Only in Japan, I suspect, would people exult in "2.5-dimension" characters, as they call them, shimmering between the virtual and the actual; only in Japan, in fact, would people aspire to becoming cartoon characters (as they do in "cos-play" cafes, where young women dress up like figures from a manga comic). Being an animated figure, in several senses, seems the dream of many a Japanese. The government sends out Kitty (the mouthless heroine of "Hello Kitty" fame) and Doraemon (a 22nd century, blue robotic cat) as official "cultural ambassadors" for the country; the Tokyo Police Department, the national tax office and even the nuclear industry all present themselves through perky cartoon mascots, as if they could defuse harsh realities with an adorable, chirping character called "Peepo."
Every time I look at the work of Takashi Murakami, I see both the super cute, charming surfaces for which Japan is rightly famous and all the demons that peek out behind them. He dreams up lovable blobs and dolls and oversized cuties to ask his compatriots what might be the cost of holding onto such childish things.
It's as if this artist born just a generation after a devastating war and the dropping of two atomic bombs on his land is wondering why his country attempts to turn that trauma into comic book faces -- the wartime emperor was celebrated for his love of his Mickey Mouse wristwatch -- and why a land of centuries of Shinto and Buddhism is so ready to shrivel into obedience and self-effacement. A piece like "Warp" makes this almost explicit -- where does Japan end and the bright, new, relatively unstoried world of America (and Americanized Japan) begin, it might be asking. But even more in a quintessential Murakami work, featuring his very own cartoon creation, DOB, we realize that the very brightness and determined cheerfulness of Japan's modern surfaces are no protection at all against the spookiness of a mushroom forest redolent of some ancient underworld.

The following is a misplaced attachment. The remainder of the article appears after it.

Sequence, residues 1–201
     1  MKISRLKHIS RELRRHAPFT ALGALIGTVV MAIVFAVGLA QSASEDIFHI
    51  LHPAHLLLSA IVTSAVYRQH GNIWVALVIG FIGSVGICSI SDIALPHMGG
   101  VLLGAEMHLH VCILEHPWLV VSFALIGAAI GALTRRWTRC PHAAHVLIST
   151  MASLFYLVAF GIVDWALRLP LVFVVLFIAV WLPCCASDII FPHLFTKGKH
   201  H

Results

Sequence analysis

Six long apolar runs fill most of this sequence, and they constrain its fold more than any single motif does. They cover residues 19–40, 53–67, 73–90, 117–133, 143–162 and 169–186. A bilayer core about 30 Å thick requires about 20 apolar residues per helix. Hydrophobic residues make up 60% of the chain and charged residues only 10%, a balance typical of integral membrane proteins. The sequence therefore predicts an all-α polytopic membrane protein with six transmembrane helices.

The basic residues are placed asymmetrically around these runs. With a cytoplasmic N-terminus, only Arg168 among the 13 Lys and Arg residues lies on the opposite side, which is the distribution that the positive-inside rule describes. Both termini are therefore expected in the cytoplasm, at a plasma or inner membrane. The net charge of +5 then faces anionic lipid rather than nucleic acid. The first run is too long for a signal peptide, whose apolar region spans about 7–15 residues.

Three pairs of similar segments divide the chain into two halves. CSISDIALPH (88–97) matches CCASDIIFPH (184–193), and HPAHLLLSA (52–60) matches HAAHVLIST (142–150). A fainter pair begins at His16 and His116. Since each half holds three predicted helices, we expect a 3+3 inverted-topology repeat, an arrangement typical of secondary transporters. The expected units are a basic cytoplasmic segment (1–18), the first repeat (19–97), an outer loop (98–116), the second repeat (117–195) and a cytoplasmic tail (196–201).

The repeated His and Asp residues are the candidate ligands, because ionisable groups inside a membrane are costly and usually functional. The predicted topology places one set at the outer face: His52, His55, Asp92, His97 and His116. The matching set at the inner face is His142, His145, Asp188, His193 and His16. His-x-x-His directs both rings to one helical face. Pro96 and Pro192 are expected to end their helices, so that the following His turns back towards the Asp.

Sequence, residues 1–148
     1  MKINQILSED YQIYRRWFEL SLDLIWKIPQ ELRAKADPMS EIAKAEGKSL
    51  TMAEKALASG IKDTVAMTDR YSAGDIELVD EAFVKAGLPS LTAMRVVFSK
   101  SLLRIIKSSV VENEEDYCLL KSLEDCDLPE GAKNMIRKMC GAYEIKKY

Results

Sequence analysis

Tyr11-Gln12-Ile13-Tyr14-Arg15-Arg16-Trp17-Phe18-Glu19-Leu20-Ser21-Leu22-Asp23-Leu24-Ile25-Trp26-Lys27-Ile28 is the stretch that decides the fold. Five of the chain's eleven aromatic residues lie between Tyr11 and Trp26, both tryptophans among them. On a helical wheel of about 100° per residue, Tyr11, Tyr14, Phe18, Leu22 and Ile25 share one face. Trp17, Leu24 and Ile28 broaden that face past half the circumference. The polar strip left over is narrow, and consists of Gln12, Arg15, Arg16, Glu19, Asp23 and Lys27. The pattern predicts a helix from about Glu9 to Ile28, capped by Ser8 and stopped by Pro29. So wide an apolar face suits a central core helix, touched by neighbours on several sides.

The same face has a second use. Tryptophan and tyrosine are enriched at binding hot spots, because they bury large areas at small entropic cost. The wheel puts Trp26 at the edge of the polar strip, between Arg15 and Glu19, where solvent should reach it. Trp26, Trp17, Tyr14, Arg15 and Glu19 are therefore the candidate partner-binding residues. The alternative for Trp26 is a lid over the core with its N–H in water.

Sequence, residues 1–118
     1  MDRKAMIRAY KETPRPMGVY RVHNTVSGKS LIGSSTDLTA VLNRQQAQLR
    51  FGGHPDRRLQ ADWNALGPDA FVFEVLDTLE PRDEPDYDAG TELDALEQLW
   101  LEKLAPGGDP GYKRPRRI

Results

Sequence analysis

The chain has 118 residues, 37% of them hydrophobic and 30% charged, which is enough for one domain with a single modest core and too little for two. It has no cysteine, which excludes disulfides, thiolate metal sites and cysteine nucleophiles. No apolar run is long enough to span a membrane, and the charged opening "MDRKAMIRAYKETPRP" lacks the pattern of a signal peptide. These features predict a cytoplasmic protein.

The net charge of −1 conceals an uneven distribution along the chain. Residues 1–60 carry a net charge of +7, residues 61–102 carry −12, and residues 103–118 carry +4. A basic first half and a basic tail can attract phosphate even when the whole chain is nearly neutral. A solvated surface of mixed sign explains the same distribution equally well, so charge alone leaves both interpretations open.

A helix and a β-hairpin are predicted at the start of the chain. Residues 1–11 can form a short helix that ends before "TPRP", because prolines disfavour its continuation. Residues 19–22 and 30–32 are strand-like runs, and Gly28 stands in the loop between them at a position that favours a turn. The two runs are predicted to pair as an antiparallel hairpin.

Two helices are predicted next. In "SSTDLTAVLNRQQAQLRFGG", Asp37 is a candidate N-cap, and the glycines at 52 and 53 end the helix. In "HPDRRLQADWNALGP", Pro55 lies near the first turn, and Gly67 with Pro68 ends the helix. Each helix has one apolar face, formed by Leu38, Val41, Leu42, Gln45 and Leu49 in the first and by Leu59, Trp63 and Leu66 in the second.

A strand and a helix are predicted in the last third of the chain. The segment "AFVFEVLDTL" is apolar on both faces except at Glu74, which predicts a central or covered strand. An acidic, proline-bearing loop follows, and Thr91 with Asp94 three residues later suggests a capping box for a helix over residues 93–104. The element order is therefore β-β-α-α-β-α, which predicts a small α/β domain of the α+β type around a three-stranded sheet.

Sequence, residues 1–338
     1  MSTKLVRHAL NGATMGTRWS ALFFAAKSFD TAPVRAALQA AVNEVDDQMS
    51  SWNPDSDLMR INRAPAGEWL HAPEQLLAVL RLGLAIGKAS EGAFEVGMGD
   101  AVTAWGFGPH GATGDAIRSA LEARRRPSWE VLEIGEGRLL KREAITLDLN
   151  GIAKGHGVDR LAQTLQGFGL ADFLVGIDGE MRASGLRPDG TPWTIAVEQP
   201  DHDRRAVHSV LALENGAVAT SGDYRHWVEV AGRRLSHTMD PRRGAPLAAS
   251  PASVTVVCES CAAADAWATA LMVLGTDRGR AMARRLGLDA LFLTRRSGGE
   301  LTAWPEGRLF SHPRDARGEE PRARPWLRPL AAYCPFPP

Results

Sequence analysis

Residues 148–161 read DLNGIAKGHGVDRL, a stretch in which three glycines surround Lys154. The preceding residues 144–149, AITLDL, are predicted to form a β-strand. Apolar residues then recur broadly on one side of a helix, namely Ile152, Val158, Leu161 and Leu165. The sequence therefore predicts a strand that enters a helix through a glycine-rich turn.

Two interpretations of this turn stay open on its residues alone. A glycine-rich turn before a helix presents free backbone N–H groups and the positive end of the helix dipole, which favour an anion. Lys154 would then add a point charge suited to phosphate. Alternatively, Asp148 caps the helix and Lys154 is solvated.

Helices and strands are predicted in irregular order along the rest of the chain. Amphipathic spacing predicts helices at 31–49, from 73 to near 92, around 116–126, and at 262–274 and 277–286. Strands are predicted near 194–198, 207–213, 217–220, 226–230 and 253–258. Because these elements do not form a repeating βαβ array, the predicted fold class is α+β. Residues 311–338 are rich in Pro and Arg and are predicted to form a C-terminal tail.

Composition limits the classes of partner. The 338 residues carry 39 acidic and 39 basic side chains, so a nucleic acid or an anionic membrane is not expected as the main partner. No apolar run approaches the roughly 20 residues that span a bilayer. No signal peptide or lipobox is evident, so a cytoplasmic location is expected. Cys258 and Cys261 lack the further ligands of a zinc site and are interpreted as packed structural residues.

Murakami is a realistic chronicler of the flight from the real. In other words, and much as Andy Warhol decided that he would give modern America exactly the glut of mass production and mass celebrity it seemed so intent upon -- with a vengeance -- so Murakami might be offering Japan precisely the images it loves, but over-the-top, extreme; a culture of perfect miniatures blown up into Thanksgiving Day parade balloons. He turns his country's smiley faces inside-out.
Many loudly talk of how Murakami has directed Kanye West videos, designed Louis Vuitton bags and turned out candies, stuffed animals and Monopoly sets, branding himself as if to blur the distinction between marketing and art. But what he's really about is the loss of context and history in Japan (or anywhere), and the global state of not knowing whether one's here or there. At one point, looking at his art, I decided to compare his birthdate with that of David Foster Wallace, the late American novelist who offered the same kind of anguished, droll, ironic --wounded -- take on young America, and its po-mo innocence and search for meaning. I wasn't surprised to find that both were born in the same month -- and in the same year (February 1962) -- and so were heir to some of the same agonies.